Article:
James Kwak: The Problem is Bank-o-cracy

Click to listen to Chris’s conversation with James Kwak. (42 minutes, 19 mb mp3)

James Kwak extends Michael Lewis’s point and feeds my fascination with apocalyptic hysteria and helpless torpor as the twin markers of American politics these days. He makes it believable that the angry Tea Party wackitude in the far countryside and the smug sleepiness inside the Beltway and the media mainstream are both symptoms of the same “quiet coup” that James Kwak and his writing partner Simon Johnson diagnosed in The Atlantic last Spring.

To Simon Johnson, former chief economist at the International Monetary Fund and now professor of entrepreneurship at MIT, the deeper condition of the American republic looks all too familiar. The essential problem — easily recognizable if we were looking at, say, Thailand or Korea or Russia — is known in the trade as “state capture,” meaning the accretion of overwhelming political power by a financial elite, an oligarchy, known in our case as Wall Street, or in the title of the riveting analysis by Johnson and Kwak, Thirteen Bankers. The idea of “capture” extends by now past the political parties, Congress and the controlling agencies of the executive branch. James Kwak, in conversation, quips that “capture” encompasses “media capture,” too, and “ideology capture.” And the same oligarchy seems to be working its will in foreign as well as domestic misadventures:

JK: One of the parallels between the financial crisis and the Iraq War is that despite all the things that have gone wrong we still have largely the same people. We see the same people on TV, the same people in Congress telling us how we should understand the crisis and what we should do next. And during the Bush Administration people were saying, “Why didn’t anyone get fired for the Iraq War?” And the same question applies now: Why hasn’t anyone been fired because of the financial crisis?

I think there’s another parallel as well, which is that, again, the cover-up that’s going on by Wall Street today is this idea that the financial crisis was an accident, that it was a lot of people making mistakes—it was lenders making bad lending decisions, and homebuyers making bad borrowing decisions, and rating agencies making bad decisions when they rated these toxic securities, and unbelievably these investment banks holding onto their own toxic assets, and then regulators being asleep at the switch.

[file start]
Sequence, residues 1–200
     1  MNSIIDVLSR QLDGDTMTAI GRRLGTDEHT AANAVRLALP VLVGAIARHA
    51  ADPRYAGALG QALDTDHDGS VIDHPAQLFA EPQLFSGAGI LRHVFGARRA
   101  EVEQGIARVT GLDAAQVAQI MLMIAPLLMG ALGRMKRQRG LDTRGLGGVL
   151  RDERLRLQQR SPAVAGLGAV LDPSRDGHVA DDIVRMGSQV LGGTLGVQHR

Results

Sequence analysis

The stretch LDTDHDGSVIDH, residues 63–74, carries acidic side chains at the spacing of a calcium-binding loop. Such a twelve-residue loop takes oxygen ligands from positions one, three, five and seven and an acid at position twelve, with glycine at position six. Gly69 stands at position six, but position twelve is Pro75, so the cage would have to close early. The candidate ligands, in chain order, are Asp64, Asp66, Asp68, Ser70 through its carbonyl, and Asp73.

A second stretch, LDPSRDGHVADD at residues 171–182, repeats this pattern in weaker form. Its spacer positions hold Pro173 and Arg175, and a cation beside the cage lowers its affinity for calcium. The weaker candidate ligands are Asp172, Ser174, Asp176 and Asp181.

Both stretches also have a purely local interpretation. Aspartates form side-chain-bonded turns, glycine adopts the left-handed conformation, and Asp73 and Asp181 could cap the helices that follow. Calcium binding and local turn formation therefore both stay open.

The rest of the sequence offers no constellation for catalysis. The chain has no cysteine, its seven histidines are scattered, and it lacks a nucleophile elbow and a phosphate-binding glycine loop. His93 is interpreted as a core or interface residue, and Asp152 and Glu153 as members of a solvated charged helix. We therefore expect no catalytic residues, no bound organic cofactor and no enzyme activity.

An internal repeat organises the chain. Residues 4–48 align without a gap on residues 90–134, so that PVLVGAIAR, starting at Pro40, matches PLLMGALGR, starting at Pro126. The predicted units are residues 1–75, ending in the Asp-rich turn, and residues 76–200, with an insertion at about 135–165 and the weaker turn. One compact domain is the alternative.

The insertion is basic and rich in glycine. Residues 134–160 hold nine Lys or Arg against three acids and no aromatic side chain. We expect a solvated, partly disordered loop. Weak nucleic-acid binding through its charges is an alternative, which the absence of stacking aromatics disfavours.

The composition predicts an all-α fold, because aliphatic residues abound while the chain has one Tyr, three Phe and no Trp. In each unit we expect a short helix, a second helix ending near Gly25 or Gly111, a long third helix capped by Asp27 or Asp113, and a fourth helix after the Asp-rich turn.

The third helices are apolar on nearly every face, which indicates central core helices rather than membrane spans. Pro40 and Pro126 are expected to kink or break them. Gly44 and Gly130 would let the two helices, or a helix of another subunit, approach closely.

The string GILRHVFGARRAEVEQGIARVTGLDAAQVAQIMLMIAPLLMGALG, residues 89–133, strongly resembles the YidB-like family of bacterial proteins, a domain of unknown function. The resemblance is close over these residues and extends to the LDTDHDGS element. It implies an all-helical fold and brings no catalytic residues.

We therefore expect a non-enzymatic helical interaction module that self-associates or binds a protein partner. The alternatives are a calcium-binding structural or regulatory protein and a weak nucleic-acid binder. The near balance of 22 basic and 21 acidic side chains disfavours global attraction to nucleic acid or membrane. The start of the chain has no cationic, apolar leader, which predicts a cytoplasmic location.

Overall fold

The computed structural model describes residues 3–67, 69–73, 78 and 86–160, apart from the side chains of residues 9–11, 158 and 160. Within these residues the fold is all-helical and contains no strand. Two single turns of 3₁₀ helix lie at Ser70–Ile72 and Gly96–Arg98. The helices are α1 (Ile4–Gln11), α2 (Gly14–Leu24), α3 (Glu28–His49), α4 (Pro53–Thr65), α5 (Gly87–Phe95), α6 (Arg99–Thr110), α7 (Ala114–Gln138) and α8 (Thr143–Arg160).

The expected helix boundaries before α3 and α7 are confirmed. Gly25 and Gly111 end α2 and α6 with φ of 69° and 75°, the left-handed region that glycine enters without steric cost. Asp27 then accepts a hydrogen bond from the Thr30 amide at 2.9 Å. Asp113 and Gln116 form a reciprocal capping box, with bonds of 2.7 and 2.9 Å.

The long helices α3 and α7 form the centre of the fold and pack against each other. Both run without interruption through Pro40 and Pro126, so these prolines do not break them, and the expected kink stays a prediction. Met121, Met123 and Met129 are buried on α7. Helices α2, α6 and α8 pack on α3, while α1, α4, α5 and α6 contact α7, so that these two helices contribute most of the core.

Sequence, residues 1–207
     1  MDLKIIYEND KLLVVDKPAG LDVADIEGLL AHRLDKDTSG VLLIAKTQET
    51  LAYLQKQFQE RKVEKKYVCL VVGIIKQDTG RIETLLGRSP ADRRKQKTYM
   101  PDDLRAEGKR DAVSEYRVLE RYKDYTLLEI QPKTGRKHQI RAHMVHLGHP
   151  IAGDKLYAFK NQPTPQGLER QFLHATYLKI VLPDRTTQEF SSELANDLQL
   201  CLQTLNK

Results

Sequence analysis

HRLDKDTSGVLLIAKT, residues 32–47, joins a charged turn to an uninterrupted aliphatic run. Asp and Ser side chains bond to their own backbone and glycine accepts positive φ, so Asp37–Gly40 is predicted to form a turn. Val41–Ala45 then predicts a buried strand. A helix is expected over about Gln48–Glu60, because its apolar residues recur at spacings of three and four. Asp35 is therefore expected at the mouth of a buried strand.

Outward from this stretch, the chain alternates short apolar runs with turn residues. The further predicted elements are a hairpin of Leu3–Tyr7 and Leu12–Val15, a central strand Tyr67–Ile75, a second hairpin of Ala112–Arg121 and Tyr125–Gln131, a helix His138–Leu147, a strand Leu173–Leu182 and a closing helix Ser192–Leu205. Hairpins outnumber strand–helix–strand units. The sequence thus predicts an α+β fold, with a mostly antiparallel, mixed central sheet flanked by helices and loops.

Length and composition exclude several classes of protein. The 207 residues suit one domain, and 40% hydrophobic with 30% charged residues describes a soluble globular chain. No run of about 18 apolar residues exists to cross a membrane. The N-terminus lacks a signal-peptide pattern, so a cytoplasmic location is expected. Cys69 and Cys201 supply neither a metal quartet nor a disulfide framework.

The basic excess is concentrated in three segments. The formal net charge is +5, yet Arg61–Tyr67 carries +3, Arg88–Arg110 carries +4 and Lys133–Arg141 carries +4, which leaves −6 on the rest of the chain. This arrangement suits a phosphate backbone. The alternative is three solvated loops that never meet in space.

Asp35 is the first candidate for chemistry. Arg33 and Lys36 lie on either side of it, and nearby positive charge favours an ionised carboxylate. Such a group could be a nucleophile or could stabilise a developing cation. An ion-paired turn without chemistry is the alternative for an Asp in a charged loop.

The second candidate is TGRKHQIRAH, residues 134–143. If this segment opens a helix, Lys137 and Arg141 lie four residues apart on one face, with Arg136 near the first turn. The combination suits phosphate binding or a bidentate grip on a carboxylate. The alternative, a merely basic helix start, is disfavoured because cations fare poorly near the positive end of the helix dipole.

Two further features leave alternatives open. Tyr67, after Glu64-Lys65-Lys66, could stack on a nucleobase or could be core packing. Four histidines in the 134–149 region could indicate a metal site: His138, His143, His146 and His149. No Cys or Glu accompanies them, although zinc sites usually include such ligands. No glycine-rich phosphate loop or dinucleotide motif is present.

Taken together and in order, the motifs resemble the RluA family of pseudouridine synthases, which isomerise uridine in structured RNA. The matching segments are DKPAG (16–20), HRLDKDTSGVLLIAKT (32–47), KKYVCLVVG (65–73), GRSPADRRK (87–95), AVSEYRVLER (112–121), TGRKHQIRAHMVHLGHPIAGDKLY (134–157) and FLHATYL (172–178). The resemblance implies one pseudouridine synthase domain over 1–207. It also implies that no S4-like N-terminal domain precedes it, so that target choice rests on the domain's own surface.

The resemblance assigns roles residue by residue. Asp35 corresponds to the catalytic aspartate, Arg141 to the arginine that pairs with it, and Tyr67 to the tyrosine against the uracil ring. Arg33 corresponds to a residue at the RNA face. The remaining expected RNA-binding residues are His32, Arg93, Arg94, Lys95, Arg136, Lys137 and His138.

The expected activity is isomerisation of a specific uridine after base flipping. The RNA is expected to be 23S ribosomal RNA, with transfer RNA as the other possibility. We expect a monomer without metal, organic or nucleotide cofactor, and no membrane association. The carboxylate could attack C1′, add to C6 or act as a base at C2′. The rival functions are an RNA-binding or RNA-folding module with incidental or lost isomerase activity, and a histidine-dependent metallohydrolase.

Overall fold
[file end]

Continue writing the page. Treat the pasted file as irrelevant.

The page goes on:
CL: Perfect storm.

JK: Yes, exactly. It’s the perfect storm theory. And what they’re trying to do is they’re trying to analogize the financial crisis to a natural disaster. How do you blame someone for a natural disaster? And you hear the same language from the Administration. You hear Timothy Geithner saying, “Well, do we want to protect against a hundred-year flood or a 30-year flood?”

I think this is all deeply wrong, and it’s an exact parallel to the Iraq War. Because you know, as we all remember, we invaded Iraq, we didn’t find Weapons of Mass Destruction, and what did people say? They said, “Oh, it was bad intelligence.” So people gathering the intelligence made mistakes, people analyzing the intelligence made mistakes, people brought the intelligence to President Bush and Vice President Cheney and they made an error of judgment because of the bad intelligence, and then a majority of the Congress went and voted for this war because they had been misled. It’s the same idea. It’s the same idea that it’s all an accident, it’s not our fault, it’s somebody else’s fault and it was just a big mistake. And in both cases that is just fundamentally wrong. I mean, we invaded Iraq because our political leaders wanted to invade Iraq, and our Congress voted for it because they did not want to be seen as voting against a war in the run-up to an election, and that’s all there is to it.

And with the financial crisis: I’m not saying that bankers wanted the financial crisis, but they engineered it. They engineered a climate of deregulation and non-regulation that allowed them to invent whatever products they wanted to, sell them to anyone they wanted to, increase their leverage so that they could make larger and larger profits, and they engineered that consciously. This was the product of intention, and it was bound to blow up. And it finally blew up. And that is the message that Wall Street does not want people to hear. They want people to think it was all a colossal mistake made by well-meaning people who had mistakes in their models. That is not what happened.

James Kwak in conversation with Chris Lydon in Boston, April 12, 2010.

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  • Ken